Miranda v. Arizona, 384 U.S. 436 (1966) (A suspect must be warned that he has the right to remain silent and the right to appointed counsel, which he may exercise prior to, or at any time during questioning. The state cannot use the custodial statements of defendants made in response to interrogation by the police without first advising them of their constitutional rights and obtaining a waiver of those rights.)
State v. Melchior, 56 Ohio St.2d 15 (1978) (When a defendant challenges the admissibility of the defendant’s prior statements to law enforcement, the statements may only be admitted against the defendant if the state meets its burden of proving that those statements were voluntarily given by showing that the defendant was not influenced by threats or improper inducements.)
Lego v. Twomey, 404 U.S. 477 (1972) (When a confession is challenged by a defendant as involuntary, he is entitled to a reliable and clear-cut determination that the confession was in fact voluntarily rendered. The prosecution must prove by a preponderance of the evidence that the confession was voluntary. States are free to adopt a higher standard.)
Jackson v. Denno, 378 U.S. 368 (1963) (A defendant’s statements may only be admitted against the defendant if the interrogation comparts with due process. States must prove that such statements were voluntarily given.)
J.D.B. v. North Carolina, 131 S.Ct. 2394 (2011) (To determine whether a confession is voluntary, courts take into account both the details of the interrogation and the characteristics of the accused, then weigh the circumstances of pressure against the power of resistance of the person confessing. Along with the suspect’s particular characteristics, anything else that might have affected the individual’s capacity for effective choice is relevant in determining whether the confession was coerced or compelled.)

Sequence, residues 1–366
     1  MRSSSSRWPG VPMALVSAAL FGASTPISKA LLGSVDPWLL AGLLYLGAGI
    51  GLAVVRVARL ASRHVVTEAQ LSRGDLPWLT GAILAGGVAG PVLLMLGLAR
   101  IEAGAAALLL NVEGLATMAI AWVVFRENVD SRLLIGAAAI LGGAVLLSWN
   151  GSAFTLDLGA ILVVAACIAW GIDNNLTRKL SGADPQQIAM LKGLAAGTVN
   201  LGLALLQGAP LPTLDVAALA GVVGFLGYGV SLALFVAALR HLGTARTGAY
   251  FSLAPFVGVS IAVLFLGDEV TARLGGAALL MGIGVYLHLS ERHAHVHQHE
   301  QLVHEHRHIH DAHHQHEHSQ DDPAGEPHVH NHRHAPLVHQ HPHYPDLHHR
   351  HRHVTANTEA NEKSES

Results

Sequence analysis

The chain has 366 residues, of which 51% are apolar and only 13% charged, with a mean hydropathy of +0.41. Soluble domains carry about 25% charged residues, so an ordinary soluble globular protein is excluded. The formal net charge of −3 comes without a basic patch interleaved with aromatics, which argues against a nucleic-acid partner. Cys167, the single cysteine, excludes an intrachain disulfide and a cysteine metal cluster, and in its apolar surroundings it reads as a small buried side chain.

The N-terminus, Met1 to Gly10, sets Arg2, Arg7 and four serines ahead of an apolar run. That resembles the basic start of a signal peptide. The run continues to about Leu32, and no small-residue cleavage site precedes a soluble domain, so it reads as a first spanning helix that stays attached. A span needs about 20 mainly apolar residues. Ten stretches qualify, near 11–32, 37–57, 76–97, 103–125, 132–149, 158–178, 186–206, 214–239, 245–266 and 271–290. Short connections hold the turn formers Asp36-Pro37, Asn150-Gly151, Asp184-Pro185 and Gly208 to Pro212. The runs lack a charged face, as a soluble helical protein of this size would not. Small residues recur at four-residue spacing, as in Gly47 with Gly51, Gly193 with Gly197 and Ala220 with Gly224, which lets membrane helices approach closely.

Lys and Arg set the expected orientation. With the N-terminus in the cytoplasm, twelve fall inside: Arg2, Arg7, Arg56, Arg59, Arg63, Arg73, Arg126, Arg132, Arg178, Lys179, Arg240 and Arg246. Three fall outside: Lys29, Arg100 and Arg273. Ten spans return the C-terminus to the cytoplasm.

Gallegos v. Colorado, 370 U.S. 49 (1962) (Children require greater protections than adults in interrogations because they are inexperienced, immature, easily subjected to pressure from authorities, and are often unable to comprehend the consequences of self-incrimination.)
State v. Edwards, 49 Ohio St.2d 31 (1976) (In determining whether a confession was voluntary, the reviewing court must consider the totality of the circumstances, including the defendant’s age; mentality; prior criminal experience; the length, intensity, and frequency of the interrogation; the existence of physical deprivation or mistreatment; and the existence of threat or inducement.)
Barker argues that he did not knowingly, intelligently, and voluntarily waive his Miranda rights. Shifting the burden to a child to prove that statements elicited during a police interrogation are voluntary under R.C. 2933.81(B) violates due process. Shifting the burden to a child is especially problematic as children require greater protections when subject to interrogation by law enforcement.
Further, Barker argues that the statutory presumption under R.C. 2933.81(B), that an electronically recorded statement is presumed voluntary, has no bearing on whether a Miranda waiver is knowing, intelligent, and voluntary, and is not constitutionally permissible. In its ruling, the First District improperly conflated the statutory presumption of voluntariness with the constitutional requirement under Miranda that a defendant knowingly, intelligently, and voluntarily waived his Miranda rights before his statement may be used against him. The state had the burden of proving that Barker knowingly, intelligently and voluntarily waived his Miranda rights, and failed to do so.
The presumption of voluntariness in R.C. 2933.81(B) applies only to certain homicide and sexual assault offenses. According to Barker, this distinction is illogical, and lacks any constitutional justification for depriving suspects of their Miranda rights.